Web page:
Social butterfly effect

September 20, 2011

One of the reasons I wanted to be a journalist is to inform, so I love social media. I find it interactive, instantaneous and full of excitement. New social media sites are popping up at a quick rate, and they’re changing our daily lives just as fast. The best platforms allow you to share information with people who might pass it along as well.

(Of course, you should share good, relevant information and avoid anything inflammatory, but that’s a post for another day.)

When I go on Twitter, I usually go on it to either improve my skills or communicate something. I was lucky Sept. 14 when @Poynter (the voice of the prestigious Poynter Institute in St. Petersburg) tweeted:

Join us now for a live chat w @KimBui about what it takes to stand out as a community/social media editor:

I asked, “Kim, what qualifications should someone have to be a community/social media editor?”

She replied:

First and foremost a sense of experimentation. You should also be active on most major networks (FB and Twitter) and have tried a few others. Have ideas about how to engage readers better and improve the final product through SM.

Also, network like you’ve never networked before. Most SM editors know each others, so if you know some of us, you’ll get an inside track.

Good, right? You really should read all of Kim Bui’s tips.

I feel like I’m on the right track. I’ve met loads of influential people through the #dbtweetup (Daytona Beach’s monthly Tweet-Up) and have already used my skills for the print product.

In fact, one of my awards from The Daytona Beach News-Journal involved, yes, using Twitter. The crew of the night desk expected it to be a calm Sunday night, but on May 2, 2011, President Barack Obama came on the air and announced the death of Osama bin Laden, the mastermind of 9/11.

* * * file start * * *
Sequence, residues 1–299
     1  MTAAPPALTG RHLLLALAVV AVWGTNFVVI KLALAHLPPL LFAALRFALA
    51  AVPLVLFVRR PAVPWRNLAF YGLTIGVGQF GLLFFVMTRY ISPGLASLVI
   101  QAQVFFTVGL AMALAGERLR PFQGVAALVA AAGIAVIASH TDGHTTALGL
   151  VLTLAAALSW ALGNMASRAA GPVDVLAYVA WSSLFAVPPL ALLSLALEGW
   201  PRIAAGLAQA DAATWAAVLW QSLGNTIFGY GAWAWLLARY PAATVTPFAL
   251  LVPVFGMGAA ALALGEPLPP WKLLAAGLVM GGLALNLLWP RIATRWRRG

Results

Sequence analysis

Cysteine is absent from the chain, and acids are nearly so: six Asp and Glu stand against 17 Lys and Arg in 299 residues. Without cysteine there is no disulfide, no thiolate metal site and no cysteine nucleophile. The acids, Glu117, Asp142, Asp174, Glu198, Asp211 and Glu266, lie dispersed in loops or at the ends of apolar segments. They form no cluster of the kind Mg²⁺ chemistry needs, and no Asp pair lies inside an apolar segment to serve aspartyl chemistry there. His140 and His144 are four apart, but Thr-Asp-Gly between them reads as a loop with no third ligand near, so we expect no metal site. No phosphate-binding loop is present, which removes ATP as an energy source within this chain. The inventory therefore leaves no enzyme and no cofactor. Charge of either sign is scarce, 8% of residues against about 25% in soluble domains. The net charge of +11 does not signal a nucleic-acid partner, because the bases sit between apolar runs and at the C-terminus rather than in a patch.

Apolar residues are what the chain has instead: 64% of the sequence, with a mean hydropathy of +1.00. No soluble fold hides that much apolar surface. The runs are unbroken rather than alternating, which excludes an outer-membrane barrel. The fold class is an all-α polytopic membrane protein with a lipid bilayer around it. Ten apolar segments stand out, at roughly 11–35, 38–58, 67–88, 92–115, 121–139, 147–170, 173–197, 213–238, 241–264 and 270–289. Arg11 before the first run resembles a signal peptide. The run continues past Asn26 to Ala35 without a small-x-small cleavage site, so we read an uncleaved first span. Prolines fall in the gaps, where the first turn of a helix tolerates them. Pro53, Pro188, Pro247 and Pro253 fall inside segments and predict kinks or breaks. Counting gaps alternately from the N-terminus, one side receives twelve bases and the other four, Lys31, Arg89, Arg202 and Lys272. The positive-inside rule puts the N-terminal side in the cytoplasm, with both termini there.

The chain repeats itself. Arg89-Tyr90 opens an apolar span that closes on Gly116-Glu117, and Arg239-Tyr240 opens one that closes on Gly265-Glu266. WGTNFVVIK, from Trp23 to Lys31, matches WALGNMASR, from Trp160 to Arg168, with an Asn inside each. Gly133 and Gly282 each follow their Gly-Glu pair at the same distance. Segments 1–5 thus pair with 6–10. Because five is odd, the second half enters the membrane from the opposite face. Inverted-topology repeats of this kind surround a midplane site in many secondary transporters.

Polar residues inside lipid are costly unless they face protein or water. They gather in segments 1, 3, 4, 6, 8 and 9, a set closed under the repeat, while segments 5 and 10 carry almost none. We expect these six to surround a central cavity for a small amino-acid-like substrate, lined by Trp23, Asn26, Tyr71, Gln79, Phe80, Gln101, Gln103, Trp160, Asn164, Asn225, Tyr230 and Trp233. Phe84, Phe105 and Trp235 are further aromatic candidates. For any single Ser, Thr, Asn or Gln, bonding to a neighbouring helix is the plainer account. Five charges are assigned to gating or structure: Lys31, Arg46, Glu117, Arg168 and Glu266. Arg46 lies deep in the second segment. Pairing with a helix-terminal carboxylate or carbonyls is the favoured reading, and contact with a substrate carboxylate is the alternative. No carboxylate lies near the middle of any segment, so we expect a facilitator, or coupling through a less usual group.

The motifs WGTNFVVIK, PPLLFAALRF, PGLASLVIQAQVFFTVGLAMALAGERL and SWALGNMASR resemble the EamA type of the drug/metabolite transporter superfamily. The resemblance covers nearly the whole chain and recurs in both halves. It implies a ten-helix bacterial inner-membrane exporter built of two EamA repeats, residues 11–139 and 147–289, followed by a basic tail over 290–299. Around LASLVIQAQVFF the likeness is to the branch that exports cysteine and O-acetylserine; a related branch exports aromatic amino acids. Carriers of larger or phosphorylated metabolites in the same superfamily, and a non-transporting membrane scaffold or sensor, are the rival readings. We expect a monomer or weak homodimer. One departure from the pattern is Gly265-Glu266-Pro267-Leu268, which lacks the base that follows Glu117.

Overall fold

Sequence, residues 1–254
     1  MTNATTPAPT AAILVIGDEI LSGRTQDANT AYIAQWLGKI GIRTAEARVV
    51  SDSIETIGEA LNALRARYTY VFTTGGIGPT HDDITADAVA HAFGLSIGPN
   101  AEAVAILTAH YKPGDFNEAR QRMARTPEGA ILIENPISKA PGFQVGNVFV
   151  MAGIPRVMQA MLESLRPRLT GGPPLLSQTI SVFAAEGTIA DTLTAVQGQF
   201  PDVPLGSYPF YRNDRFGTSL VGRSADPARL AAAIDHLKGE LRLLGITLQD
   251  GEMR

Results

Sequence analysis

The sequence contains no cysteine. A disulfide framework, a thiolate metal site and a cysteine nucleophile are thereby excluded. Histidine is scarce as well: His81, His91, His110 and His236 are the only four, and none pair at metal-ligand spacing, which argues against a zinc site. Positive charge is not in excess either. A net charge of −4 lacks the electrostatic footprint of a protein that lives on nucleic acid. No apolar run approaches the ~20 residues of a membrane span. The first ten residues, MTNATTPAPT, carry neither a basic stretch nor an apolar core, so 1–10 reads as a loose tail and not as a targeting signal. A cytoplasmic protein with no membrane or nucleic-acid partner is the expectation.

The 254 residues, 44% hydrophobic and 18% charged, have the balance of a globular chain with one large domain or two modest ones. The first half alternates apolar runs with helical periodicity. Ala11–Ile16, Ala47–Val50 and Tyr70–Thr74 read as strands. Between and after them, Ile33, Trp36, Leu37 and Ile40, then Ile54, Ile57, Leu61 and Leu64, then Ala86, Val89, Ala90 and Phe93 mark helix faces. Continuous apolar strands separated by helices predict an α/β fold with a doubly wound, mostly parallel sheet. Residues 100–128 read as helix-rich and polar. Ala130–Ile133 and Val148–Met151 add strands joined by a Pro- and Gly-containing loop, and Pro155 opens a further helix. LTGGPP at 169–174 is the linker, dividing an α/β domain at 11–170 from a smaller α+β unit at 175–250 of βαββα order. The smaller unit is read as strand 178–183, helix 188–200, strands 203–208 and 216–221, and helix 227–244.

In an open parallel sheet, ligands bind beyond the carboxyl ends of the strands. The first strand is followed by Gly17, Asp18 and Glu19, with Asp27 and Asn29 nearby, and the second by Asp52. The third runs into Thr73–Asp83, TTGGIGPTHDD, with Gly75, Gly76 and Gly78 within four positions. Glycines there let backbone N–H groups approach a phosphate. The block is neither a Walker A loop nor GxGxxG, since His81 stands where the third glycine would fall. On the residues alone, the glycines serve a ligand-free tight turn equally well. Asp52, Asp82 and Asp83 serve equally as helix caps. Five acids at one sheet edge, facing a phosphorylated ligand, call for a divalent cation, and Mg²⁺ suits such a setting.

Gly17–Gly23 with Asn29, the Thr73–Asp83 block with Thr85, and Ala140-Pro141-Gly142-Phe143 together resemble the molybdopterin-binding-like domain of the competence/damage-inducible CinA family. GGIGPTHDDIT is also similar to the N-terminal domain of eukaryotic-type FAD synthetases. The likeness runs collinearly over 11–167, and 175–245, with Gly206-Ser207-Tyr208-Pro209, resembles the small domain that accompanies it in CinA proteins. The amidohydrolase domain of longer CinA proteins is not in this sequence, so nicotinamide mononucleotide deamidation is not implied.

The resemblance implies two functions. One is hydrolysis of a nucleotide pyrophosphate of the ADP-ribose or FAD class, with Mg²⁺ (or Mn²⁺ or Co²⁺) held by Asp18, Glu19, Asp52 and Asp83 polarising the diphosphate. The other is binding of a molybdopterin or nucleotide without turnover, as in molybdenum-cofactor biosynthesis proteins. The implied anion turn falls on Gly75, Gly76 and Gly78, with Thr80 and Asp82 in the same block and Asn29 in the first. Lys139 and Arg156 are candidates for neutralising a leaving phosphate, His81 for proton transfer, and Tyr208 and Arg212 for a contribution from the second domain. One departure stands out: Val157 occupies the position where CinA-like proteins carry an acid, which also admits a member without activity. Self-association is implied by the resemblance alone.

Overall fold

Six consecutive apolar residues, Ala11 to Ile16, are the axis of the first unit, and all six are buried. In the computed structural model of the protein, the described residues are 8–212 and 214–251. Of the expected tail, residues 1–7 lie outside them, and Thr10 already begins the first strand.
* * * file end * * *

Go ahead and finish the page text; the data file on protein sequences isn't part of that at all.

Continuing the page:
The Associated Press sent out a scant nine inches right at deadline, so what did I do? As I replated the inside pages, I looked up the @whitehouse Twitter feed and found the exact contents of Obama’s speech to help fill the front page to get it out.

The next day, my former co-worker Kari saw The Daytona Beach News-Journal’s front page flashed on CNN.

Just spotted @dbnewsjournal front page on @CNN. on Twitpic

Though journalism has changed, the fundamentals are still there, and social networking continues to give us options for improvement. On Sept. 14, I subscribed to Quora, a question-and-answer site. On Sept. 15, Facebook announced a “Subscribe” option, which is great for following a source without having to “friend” someone you don’t know well. Likewise, today, Sept. 20, I signed up to get a promo code for Mail-ette, a site for sharing graphic elements and gaining feedback.

In the future, I’m betting we’ll have better information and a bigger ability to distill and share pertinent information. News is still news — whatever the format.


  1. I’m so glad you found the chat useful. I totally agree. News delivery is news delivery. Just because the system has changed doesn’t mean the purpose or goal has.

  2. I am actually amazed! It is all totally really specific as well as open. You’ve distributed a great deal of useful details and I have to agree to you too that News delivery is news delivery because the system has changed doesn’t mean the purpose or goal has. Hoping for more updates.
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  1. By Welcome! | on October 25, 2011 at 7:55 am

    […] I am partial to a recent social media post inspired by Poynter: “Social Butterfly Effect.” […]

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